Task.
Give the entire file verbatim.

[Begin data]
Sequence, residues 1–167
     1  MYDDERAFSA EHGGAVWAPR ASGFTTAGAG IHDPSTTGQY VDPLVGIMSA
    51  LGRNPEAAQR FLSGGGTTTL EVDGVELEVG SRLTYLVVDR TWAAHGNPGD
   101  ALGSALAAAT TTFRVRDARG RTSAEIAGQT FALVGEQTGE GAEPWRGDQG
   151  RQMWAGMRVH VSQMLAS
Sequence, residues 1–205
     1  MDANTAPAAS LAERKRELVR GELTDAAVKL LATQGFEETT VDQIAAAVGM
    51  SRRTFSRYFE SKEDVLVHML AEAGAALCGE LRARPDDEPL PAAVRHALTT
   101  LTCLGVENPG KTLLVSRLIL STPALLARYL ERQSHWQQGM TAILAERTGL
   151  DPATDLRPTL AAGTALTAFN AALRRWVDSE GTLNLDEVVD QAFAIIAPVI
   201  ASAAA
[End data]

Sequence, residues 1–167
     1  MYDDERAFSA EHGGAVWAPR ASGFTTAGAG IHDPSTTGQY VDPLVGIMSA
    51  LGRNPEAAQR FLSGGGTTTL EVDGVELEVG SRLTYLVVDR TWAAHGNPGD
   101  ALGSALAAAT TTFRVRDARG RTSAEIAGQT FALVGEQTGE GAEPWRGDQG
   151  RQMWAGMRVH VSQMLAS
Sequence, residues 1–205
     1  MDANTAPAAS LAERKRELVR GELTDAAVKL LATQGFEETT VDQIAAAVGM
    51  SRRTFSRYFE SKEDVLVHML AEAGAALCGE LRARPDDEPL PAAVRHALTT
   101  LTCLGVENPG KTLLVSRLIL STPALLARYL ERQSHWQQGM TAILAERTGL
   151  DPATDLRPTL AAGTALTAFN AALRRWVDSE GTLNLDEVVD QAFAIIAPVI
   201  ASAAA